Osteopath Basingstoke & Hungerford

An osteopathic perspective on the importance of sleep


Underestimated to say the least, we work hard, train hard - why not 'sleep hard'?

Quality sleep is important to not only recharge our batteries but plays a vital role in tissue repair from injuries and aids rehabilitation. It's a misnomer that more treatment equals faster healing.

Its true our bodies possess a fantastic 'in built self healing mechanism' which osteopaths can help to facilitate should this break down. However, time is also a healer and quality recovery with downtime from maintaining factors in some injuries can also be essential.

What happens when we're asleep?
Sleep Sleep architecture follows a pattern of alternating REM (rapid eye movement) and NREM (non-rapid eye movement) sleep throughout a typical night in a cycle that repeats itself about every 90 minutes.

NREM (75% of night)

As we begin to fall asleep, we enter NREM sleep, composed of stages which essentially head towards REM gradually relaxing all body systems that don't need to be operating at such a level that is required in the working day.
Blood pressure/breathing rate/body temperature etc all begin to lower.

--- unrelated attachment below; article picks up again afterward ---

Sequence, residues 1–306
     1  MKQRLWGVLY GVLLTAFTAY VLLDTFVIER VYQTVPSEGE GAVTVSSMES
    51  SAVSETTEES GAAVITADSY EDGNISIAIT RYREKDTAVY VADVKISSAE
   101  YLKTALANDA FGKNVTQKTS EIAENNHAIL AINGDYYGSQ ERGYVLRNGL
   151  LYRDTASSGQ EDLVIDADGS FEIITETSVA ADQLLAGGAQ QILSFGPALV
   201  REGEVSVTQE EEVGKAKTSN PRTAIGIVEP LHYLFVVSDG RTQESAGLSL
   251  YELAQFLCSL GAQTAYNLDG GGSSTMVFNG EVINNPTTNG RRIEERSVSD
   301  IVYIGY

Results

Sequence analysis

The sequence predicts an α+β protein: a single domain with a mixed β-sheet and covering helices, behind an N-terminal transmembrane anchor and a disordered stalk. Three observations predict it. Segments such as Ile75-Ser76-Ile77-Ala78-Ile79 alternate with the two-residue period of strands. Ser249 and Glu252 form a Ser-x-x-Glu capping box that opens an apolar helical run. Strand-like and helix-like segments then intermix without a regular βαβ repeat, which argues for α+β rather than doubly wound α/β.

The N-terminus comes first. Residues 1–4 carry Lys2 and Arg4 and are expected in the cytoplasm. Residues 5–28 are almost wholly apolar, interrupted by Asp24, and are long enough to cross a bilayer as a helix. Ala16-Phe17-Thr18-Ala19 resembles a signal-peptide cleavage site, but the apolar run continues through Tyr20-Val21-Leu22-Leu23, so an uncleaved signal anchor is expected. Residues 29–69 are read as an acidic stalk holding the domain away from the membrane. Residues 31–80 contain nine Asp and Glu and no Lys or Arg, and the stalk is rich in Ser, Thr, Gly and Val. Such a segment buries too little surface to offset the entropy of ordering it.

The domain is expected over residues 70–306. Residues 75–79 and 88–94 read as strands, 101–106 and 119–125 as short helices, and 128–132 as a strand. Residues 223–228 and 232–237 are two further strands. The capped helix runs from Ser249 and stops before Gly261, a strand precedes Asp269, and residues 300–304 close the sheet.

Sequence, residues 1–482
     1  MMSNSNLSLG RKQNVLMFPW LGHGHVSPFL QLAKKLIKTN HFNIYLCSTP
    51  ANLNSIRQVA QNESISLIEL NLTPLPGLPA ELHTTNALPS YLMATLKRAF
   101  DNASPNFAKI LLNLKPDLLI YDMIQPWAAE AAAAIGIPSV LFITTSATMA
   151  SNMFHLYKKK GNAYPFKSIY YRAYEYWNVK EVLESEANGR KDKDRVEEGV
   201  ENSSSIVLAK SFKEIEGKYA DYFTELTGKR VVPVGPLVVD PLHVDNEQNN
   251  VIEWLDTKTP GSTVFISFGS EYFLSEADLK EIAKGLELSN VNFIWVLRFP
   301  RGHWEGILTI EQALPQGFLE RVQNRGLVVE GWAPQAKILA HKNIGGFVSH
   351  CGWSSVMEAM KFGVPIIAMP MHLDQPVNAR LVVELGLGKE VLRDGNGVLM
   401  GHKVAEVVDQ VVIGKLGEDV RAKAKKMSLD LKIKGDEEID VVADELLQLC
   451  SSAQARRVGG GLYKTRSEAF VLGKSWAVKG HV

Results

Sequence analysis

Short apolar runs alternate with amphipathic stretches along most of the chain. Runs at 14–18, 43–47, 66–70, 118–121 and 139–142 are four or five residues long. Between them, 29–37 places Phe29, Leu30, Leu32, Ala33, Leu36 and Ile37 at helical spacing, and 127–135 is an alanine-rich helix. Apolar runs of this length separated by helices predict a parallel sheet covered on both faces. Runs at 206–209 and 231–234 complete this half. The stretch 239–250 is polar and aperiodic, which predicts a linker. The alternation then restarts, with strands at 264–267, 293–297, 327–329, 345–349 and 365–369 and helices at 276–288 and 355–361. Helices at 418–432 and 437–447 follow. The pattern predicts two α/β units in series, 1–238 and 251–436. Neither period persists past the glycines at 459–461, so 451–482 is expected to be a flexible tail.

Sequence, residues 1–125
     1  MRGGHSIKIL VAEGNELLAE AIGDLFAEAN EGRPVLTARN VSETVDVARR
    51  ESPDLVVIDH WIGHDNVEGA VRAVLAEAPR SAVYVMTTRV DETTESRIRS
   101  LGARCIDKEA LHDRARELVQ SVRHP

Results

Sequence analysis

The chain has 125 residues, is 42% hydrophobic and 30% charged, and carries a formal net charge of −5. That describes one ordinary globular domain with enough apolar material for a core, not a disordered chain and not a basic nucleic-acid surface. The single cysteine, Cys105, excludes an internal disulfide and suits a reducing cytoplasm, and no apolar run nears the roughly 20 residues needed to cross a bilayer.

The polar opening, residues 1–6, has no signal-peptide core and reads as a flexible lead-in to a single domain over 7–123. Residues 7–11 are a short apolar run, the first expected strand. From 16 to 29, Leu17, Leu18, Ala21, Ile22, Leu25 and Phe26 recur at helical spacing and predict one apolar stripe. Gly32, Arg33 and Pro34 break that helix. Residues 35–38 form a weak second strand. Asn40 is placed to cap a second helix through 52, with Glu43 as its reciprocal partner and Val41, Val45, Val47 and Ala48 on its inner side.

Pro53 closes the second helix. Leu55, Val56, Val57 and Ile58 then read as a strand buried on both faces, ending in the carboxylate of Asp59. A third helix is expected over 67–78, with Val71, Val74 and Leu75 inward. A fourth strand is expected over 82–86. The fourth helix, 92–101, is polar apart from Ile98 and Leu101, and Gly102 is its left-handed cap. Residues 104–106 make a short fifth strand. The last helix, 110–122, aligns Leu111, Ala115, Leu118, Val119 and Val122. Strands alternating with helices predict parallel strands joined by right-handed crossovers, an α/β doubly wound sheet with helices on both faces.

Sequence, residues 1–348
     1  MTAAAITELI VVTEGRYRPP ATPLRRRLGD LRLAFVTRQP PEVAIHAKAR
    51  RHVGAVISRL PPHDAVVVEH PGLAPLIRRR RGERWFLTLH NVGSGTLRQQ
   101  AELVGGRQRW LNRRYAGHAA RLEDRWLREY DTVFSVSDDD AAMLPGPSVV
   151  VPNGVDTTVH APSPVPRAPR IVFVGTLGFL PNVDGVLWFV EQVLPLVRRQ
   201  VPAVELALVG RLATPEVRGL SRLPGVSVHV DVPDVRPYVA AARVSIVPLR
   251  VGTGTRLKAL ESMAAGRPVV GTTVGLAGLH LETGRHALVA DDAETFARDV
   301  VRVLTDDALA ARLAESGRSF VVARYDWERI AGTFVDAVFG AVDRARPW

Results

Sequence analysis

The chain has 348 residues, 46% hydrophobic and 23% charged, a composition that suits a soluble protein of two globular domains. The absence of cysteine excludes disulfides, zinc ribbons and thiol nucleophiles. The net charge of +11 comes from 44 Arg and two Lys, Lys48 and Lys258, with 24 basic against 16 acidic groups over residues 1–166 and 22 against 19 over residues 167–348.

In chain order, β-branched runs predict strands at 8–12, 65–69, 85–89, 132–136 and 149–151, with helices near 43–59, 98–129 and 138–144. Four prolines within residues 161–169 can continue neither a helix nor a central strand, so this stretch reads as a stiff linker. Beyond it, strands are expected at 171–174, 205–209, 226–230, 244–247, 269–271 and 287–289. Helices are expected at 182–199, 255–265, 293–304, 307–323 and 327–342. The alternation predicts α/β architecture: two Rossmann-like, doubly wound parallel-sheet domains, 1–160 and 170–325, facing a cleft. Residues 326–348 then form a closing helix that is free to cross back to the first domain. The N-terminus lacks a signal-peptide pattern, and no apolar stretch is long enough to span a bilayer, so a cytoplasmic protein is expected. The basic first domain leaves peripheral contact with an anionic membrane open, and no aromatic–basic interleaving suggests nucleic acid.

Blood supply to muscles increase and hormones such as growth hormone (essential for growth and development and muscle development) are released.
White blood cells are released which aids fighting infection and boosting your immune system.

REM (25% of night)

First occurs about 90 minutes after falling asleep and recurs about every 90 minutes, getting longer later in the night.

  • Provides energy to brain and body
  • Supports daytime performance
  • Brain is active and dreams occur , eyes dart back and forth
  • Body becomes immobile and relaxed, as muscles are turned off

It's not just tissue repair that goes on when you're asleep. A study in the American Journal of Clinical Nutrition showed that people ate an average of nearly 300 fewer calories per day when they were well-rested.

"We're discovering that a part of the brain that controls sleep also plays a role in appetite and metabolism".
Your body makes more Ghrelin and less Leptin. Ghrelin is a hunger hormone, and Leptin is a hormone that tells you when you're full.

Clinical relevance: If we are in pain and unable to sleep, our repair process struggles and lack of sleep begins to run us down mentally and emotionally!

Further info - How can I sleep better to help tissue repair?